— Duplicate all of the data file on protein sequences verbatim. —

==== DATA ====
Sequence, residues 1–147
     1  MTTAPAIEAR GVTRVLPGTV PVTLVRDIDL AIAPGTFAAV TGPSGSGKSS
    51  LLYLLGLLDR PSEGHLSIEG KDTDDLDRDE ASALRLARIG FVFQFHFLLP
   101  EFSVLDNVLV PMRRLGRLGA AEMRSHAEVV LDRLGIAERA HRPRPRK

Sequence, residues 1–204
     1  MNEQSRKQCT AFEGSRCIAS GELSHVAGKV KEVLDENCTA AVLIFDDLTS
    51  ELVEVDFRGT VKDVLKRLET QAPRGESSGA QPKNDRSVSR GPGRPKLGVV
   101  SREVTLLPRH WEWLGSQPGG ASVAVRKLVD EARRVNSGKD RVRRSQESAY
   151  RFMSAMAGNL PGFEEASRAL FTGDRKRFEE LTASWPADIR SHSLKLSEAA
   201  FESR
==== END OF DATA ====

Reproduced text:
Sequence, residues 1–147
     1  MTTAPAIEAR GVTRVLPGTV PVTLVRDIDL AIAPGTFAAV TGPSGSGKSS
    51  LLYLLGLLDR PSEGHLSIEG KDTDDLDRDE ASALRLARIG FVFQFHFLLP
   101  EFSVLDNVLV PMRRLGRLGA AEMRSHAEVV LDRLGIAERA HRPRPRK

Sequence, residues 1–204
     1  MNEQSRKQCT AFEGSRCIAS GELSHVAGKV KEVLDENCTA AVLIFDDLTS
    51  ELVEVDFRGT VKDVLKRLET QAPRGESSGA QPKNDRSVSR GPGRPKLGVV
   101  SREVTLLPRH WEWLGSQPGG ASVAVRKLVD EARRVNSGKD RVRRSQESAY
   151  RFMSAMAGNL PGFEEASRAL FTGDRKRFEE LTASWPADIR SHSLKLSEAA
   201  FESR